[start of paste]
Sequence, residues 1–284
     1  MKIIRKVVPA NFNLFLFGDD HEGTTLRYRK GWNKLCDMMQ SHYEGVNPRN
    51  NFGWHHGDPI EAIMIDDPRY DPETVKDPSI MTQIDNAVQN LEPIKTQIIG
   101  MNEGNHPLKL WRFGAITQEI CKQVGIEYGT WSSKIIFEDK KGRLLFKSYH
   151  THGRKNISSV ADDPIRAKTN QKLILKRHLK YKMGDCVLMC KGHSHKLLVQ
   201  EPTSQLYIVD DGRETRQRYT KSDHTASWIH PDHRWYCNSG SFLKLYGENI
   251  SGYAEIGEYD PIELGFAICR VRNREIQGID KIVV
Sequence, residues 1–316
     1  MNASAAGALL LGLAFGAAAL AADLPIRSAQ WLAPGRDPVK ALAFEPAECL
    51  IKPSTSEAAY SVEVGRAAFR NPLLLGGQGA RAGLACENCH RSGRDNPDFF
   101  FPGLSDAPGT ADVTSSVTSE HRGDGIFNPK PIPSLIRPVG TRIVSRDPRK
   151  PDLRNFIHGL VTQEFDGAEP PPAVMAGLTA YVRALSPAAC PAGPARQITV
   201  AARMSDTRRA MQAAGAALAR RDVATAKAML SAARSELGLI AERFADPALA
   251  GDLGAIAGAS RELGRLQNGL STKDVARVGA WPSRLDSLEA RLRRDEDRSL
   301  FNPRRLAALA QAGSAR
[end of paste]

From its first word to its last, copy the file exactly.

Sequence, residues 1–284
     1  MKIIRKVVPA NFNLFLFGDD HEGTTLRYRK GWNKLCDMMQ SHYEGVNPRN
    51  NFGWHHGDPI EAIMIDDPRY DPETVKDPSI MTQIDNAVQN LEPIKTQIIG
   101  MNEGNHPLKL WRFGAITQEI CKQVGIEYGT WSSKIIFEDK KGRLLFKSYH
   151  THGRKNISSV ADDPIRAKTN QKLILKRHLK YKMGDCVLMC KGHSHKLLVQ
   201  EPTSQLYIVD DGRETRQRYT KSDHTASWIH PDHRWYCNSG SFLKLYGENI
   251  SGYAEIGEYD PIELGFAICR VRNREIQGID KIVV
Sequence, residues 1–316
     1  MNASAAGALL LGLAFGAAAL AADLPIRSAQ WLAPGRDPVK ALAFEPAECL
    51  IKPSTSEAAY SVEVGRAAFR NPLLLGGQGA RAGLACENCH RSGRDNPDFF
   101  FPGLSDAPGT ADVTSSVTSE HRGDGIFNPK PIPSLIRPVG TRIVSRDPRK
   151  PDLRNFIHGL VTQEFDGAEP PPAVMAGLTA YVRALSPAAC PAGPARQITV
   201  AARMSDTRRA MQAAGAALAR RDVATAKAML SAARSELGLI AERFADPALA
   251  GDLGAIAGAS RELGRLQNGL STKDVARVGA WPSRLDSLEA RLRRDEDRSL
   301  FNPRRLAALA QAGSAR